The ACVO Diplomate Spotlight honors Active or Emeritus Diplomates in the profession who are leaders in their field, are in good standing with the ACVO and have an interesting story to share. Please submit your nomination for this feature to the ACVO office for consideration.
I am such a planner, but becoming a professor of veterinary ophthalmology was probably one of the least scripted aspects of my life. I went into veterinary medicine, because I wanted to practice medicine, but not on humans. When I was in veterinary school I knew that I wanted to work on all species, except horses. But I had no idea how to do really do that. Luckily my professors at the University of Tennessee encouraged me to do an internship in small animal even though I wasn’t planning to specialize. Once into my internship at North Carolina State University I realized I wanted to do medicine and surgery on all species, except maybe horses. At that point I kind of backed into doing veterinary ophthalmology as I would be able to practice medicine and surgery on all species. On the first day of my residency at the University of Florida, a horse with a stromal abscess came in on emergency, and Dennis Brooks told me to go sedate and block the horse and come back with my diagnosis. I thought, “I haven’t touched a horse in 3 years; I don't remember how to sedate a horse, and I have never blocked one!” But with mentors like Kirk Gelatt, Dennis Brooks and Patty Smith I quickly learned to embrace all of aspects of veterinary ophthalmology.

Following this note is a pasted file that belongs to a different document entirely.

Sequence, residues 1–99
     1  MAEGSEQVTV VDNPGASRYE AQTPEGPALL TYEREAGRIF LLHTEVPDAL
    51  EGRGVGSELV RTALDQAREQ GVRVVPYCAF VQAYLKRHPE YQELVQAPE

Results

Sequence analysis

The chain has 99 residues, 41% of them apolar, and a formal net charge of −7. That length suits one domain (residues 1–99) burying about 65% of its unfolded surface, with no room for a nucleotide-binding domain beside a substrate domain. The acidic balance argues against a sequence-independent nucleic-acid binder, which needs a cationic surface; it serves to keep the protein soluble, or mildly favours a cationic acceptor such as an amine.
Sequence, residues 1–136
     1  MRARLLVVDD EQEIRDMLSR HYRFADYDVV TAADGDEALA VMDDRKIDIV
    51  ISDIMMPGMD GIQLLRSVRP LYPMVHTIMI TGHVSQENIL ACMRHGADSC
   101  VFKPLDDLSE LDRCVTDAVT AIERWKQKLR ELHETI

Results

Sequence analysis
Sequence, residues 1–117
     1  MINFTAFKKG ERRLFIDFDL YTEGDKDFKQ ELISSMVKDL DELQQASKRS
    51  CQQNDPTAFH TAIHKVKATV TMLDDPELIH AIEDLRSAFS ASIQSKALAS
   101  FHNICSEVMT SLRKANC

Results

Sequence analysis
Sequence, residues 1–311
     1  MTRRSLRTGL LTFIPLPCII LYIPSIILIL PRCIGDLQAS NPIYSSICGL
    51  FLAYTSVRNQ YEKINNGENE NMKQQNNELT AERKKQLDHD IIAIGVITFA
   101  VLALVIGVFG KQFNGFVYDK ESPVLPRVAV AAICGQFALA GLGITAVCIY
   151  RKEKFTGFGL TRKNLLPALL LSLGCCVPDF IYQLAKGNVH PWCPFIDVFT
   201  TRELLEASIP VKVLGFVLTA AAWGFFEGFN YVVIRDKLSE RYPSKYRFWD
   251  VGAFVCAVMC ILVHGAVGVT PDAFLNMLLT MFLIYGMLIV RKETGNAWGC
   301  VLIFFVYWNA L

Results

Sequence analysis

The end of my 2 year residency came quickly, and I had not had time to think about what I would do when I finished. I had just assumed I would go into practice, until my students cornered me and told me that I should keep teaching. I had never thought about it even though my dad, mom, and sister were all teachers. Then out of the blue, DJ Krahwinkel at UT called me to see if I would be interested in coming to UT for a 6 month half time position, and as they say, “The rest is history.” I have done research (mostly on horses), written book chapters, taught over 1700 students and served on the exam, the grant and the residency committees of the ACVO. I have been very lucky at the University of Tennessee to have such a diverse and high caseload and to work alongside Dan Ward for 20 years. My students often hear me say that a good day for an ophthalmologist is four or more species.
My husband of 25 years, Garret, has been beside since we met on a blind date when we were 19. We have raised two daughters, Anna and Emma. We have enjoyed spending our lives with them and traveling with them. Eleven residents and 20 years later I am still enjoying ophthalmology and having fun at the University of Tennessee.